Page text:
What do librarians think about? Every week I exchange words with them and every week I walk away wondering: do they ever read the books that put food on their tables? Where is the quirkiness that goes with bookishness? They have, instead, certain employer-imposed behaviours that can make or break my day in a two-minute encounter. National Library librarians are silent and serious, always well-dressed, sometimes helpful, seldom more knowledgeable than me about the book I seek. National University librarians are closer to retirement, slow to attend the counter and slower to answer my questions. Public library librarians are young and energetic, more of them male, more of them migrants, at once serving two customers and aiding three other librarians. But of all the librarians that fill my week, none can compare with the women in the little Catholic University on the corner, five minutes’ bike ride from my house.
The Catholic librarians are a special group. Quiet, controlled, suspicious, pale-skinned and small-smiled. Employed through a joy filter. Practical women who can explain the system without expression or superfluity, leaving me to wonder if they ever read more than the call number.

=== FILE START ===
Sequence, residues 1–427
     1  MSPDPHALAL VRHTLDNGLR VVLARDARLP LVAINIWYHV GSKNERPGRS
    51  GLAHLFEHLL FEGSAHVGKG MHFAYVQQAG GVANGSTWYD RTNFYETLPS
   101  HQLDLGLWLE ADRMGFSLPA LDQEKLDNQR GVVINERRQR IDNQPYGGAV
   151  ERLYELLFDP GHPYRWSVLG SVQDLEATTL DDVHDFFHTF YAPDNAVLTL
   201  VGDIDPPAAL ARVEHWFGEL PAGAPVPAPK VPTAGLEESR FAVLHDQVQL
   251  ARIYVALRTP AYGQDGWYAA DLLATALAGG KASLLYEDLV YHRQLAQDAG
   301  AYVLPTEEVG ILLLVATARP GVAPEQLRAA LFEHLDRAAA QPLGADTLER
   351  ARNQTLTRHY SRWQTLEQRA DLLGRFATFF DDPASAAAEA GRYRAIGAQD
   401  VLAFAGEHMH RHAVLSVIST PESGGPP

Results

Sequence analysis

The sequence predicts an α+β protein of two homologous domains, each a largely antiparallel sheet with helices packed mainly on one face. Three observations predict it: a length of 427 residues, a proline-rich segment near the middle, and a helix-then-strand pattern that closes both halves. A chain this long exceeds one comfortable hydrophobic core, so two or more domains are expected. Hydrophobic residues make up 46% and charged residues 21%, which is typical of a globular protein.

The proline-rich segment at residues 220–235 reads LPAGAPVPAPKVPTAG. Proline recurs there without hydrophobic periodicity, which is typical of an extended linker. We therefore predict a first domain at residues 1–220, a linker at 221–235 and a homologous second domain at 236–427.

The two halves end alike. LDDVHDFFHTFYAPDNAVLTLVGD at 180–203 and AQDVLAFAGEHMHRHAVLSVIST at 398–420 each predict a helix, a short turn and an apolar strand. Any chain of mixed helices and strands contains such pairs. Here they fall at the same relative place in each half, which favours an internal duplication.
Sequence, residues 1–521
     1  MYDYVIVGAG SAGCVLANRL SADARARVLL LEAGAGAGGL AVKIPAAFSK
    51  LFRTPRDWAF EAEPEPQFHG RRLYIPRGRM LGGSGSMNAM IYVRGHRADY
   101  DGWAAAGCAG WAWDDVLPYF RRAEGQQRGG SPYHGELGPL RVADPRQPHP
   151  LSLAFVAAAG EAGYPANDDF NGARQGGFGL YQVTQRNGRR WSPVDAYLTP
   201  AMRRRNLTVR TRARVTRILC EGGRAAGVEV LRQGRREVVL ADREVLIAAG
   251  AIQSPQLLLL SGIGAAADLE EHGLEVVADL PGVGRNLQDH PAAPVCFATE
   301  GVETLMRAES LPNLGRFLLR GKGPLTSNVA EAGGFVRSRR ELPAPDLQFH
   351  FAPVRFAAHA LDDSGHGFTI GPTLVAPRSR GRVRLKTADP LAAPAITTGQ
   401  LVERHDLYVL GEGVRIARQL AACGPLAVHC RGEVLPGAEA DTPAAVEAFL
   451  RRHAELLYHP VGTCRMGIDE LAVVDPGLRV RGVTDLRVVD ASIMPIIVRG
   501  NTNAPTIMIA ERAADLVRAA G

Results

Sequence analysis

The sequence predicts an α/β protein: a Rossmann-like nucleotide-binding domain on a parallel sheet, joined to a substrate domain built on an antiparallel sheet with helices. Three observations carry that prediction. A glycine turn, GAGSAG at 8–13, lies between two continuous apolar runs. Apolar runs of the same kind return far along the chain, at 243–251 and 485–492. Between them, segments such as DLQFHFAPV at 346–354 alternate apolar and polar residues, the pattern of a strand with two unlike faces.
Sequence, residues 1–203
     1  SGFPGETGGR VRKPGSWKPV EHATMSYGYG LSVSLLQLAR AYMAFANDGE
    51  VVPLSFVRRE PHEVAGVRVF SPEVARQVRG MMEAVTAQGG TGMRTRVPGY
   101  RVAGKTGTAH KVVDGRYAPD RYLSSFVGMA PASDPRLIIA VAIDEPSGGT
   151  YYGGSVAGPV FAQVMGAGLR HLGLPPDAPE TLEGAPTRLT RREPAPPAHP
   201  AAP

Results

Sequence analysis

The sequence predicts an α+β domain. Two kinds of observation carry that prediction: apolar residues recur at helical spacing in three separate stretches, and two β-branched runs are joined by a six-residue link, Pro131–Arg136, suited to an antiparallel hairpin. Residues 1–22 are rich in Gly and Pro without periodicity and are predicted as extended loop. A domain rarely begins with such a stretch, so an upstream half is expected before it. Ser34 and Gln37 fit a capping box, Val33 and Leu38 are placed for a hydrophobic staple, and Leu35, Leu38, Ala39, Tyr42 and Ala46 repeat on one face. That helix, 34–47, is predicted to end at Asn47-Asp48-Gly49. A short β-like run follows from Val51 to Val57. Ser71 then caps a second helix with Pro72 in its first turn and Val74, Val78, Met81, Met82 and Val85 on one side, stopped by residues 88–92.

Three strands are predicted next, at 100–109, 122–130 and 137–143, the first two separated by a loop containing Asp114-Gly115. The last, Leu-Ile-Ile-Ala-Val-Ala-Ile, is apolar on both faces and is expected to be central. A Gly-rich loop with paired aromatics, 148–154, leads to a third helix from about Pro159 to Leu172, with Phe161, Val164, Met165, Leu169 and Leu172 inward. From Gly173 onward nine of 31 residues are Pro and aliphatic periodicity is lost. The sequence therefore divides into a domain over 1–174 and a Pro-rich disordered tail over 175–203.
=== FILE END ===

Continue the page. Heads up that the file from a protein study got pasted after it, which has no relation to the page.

And yet! When I need to fire young imagination or teach literacy through literature, all I need is the Catholic library, the most excellent of all for tutors like me. If I need to teach perfect pronunciation to adults or social justice to children, there are posters listing the books I need. Shelves are loaded with children’s literature and mind-changing novels and histories, filled to the ceiling with up-to-date books by broad-minded authors, about family and culture and difference and music.
The women behind the counter, did they acquire these books? Surely they are mistresses, hunting out secret pleasures to please their book-lovers.
When they don a pious mask and slip behind the counter to take my book selection, scan it, swipe it and push it back to me with a small comment and a smaller smile, what are they thinking about?